by Tabitha Driver, Cataloguer Modern Archives & Manuscripts. Find out more about the Library's collections of material relating to Alexander Pope on Discovering Literature.
Though we have been unable to explore physical collections directly during the last few months, their materiality exercises a continuing fascination. Printing, handwriting, paper, and writing tools all provide evidence of the processes of creation and transmission thatâs sometimes not at all easy to reproduce in digital form. A writerâs own manuscripts can reveal much, from the quality of paper to revisions, insertions and rewritings. Not all writers start work with a fresh sheet of paper, either. Used scraps, old envelopes or discarded documents can all serve just as well, whether snatched up as a matter of urgency or simply for economyâs sake.
One such case is the 18th century poet Alexander Pope (1688-1744). Early in his career Pope produced translations of Homerâs two great epic poems, The Iliad and The Odyssey. Popeâs Iliad took him over six years to complete â at times he despaired of ever finishing â but when it was finally published, by subscription and issued in parts from 1715 to 1720, it paid off handsomely. Thanks to his earnings from both Homeric epics, Pope acquired invaluable financial independence; as he strikingly declared in a poem from 1737: âBut (thanks to Homer) since I live and thrive,/Indebted to no Prince or Peer aliveâ (Epistle 2, ii.68â9, Poems, 4.169).
Pope drafted his Homeric translations on the backs of old letters sent to him by friends, family, writers, and other public figures, and on other written fragments. Some years after his death, the drafts were presented to the British Museum in three volumes (Add MS 4807-4809): volumes one and two are the draft translations of The Iliad and the third is The Odyssey. They were early on a source of interest. Samuel Johnson, who described Popeâs Iliad as âthe noblest version of poetry which the world has ever seenâ examined the manuscripts at the Museum closely for his life of Pope (Johnson, Lives of the poets, ed. G H Norman (1905) vol. 3, p. 119), and printed comparisons between selected verses from the draft and published versions of The Iliad. He put down Popeâs use of old letters for writing paper to âpetty artifices of parsimonyâ, a sign of the poetâs tendency to excessive frugality. You can find out more about the manuscripts, and read a selection of folios from Add MS 4807, on the British Libraryâs Discovering Literature website, along with Popeâs sketch of Achillesâ shield from Add MS 4808.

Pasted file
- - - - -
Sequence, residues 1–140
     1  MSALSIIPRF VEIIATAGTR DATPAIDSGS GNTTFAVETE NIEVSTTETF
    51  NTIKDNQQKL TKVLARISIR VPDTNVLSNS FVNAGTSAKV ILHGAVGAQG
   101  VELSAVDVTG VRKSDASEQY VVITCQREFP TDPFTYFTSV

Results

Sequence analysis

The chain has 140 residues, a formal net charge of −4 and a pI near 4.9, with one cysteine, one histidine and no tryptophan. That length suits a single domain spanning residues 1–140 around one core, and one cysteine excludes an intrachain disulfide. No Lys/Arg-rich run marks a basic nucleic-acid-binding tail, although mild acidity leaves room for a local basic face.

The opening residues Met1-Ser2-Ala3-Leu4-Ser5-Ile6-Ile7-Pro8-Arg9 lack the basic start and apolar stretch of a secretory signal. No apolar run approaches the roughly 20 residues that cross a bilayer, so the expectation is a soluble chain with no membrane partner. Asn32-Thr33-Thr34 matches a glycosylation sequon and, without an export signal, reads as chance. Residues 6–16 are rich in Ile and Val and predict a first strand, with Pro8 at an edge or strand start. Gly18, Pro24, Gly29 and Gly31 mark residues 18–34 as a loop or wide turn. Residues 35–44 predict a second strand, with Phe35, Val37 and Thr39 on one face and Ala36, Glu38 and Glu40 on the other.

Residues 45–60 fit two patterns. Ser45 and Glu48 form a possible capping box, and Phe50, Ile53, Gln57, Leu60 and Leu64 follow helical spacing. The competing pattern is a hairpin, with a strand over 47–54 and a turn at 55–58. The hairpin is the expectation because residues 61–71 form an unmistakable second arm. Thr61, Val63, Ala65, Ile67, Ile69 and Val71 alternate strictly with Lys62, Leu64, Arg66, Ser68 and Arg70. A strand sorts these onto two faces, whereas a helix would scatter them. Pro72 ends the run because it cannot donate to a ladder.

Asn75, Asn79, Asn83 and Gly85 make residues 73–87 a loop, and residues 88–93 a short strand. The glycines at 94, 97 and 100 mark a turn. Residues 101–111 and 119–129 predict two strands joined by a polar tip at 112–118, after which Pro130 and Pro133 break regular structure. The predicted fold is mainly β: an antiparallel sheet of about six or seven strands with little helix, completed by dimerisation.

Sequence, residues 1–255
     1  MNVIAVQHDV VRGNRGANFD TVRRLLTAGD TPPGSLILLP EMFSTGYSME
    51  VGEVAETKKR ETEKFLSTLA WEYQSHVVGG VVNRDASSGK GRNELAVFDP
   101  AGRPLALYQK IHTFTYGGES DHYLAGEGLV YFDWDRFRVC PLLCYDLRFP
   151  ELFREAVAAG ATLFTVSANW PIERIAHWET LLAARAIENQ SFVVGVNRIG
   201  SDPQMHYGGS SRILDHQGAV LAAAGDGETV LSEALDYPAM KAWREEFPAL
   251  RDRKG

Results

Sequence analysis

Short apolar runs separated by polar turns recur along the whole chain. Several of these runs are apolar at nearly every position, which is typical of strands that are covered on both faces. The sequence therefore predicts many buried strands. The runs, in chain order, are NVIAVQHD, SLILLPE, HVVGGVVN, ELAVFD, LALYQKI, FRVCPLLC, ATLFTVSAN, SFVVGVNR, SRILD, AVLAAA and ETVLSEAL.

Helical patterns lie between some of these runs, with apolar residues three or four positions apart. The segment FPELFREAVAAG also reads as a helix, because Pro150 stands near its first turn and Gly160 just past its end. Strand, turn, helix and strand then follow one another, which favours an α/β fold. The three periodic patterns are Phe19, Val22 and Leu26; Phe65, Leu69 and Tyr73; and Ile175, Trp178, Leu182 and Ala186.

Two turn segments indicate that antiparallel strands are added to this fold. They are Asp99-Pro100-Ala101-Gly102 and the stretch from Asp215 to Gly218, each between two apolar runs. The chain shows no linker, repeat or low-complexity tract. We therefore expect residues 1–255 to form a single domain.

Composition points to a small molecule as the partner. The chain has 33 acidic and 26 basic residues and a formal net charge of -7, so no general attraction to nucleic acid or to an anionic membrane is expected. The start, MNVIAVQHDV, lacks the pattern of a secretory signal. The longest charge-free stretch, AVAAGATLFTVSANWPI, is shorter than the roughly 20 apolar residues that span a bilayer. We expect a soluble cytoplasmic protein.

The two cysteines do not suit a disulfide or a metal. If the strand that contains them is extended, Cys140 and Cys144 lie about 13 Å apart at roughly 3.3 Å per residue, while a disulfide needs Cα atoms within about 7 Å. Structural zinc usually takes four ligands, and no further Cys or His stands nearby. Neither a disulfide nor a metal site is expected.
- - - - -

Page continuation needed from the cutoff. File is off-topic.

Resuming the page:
Opening verses of Homerâs Iliad, translated by Alexander Pope. Manuscript draft (Add MS 4807, f. 17)
Besides what we can see of Popeâs translating and writing process from the manuscripts themselves â the crossings out and insertions, and the variances from the published text that Johnson observed â the mixed bag of unrelated letters and notes on which they were written confer a rich additional layer of significance. They provide a fascinating insight into the development of Alexander Pope as a young writer in literary London of the early 18th century, and the coffee house milieu in which he moved, with its literary and political alliances, rivalries, business and friendship.
End of book 6 of The Iliad, translated by Alexander Pope. Manuscript draft written on a letter addressed to Mr Pope, Buttonâs Coffee-house (Add MS 4807, f. 87v)
The writers of the letters and notes include Popeâs friends John Caryll, the Jacobite Baron Caryll of Durford, Edward Bedingfield of Grays Inn, Barnaby Bernard Lintot, Popeâs publisher, Charles Jervas, portrait artist and painting instructor of Pope, and Anne Finch, Countess of Winchilsea, poet, among others.
Letter from Bernard Lintot about reception of âMr Tickles bookâ at Buttons Coffee House, 10 June 1715 (Add MS 4807, f. 96v)
Topics touched on in the letters are miscellaneous too. They range from literary matters, such as publication of The Rape of the Lock (Popeâs mock-epic poem about the theft of a lock of hair) in 1712, instructions for the printer Jacob Tonson regarding Popeâs translation of the Sarpedon episode in Poetical miscellanies (1709), and the critical reception of a rival translation of the first book of The Iliad by Thomas Tickle, published in the same month as Popeâs (June 1715), to family affairs, such as medical advice and investments in the South Sea Bubble.
Thanks to the poetâs economical habit of re-using old paper for his writing, the manuscripts of âPopeâs Homerâ have acquired a double significance. On the one hand they are important as the original drafts of his hugely successful translations of Homerâs Iliad and Odyssey. On the other, they offer us a vivid record of Popeâs life and times during all the years he worked on them.
Alexander Popeâs sketch of the shield of Achilles (Add MS 4808)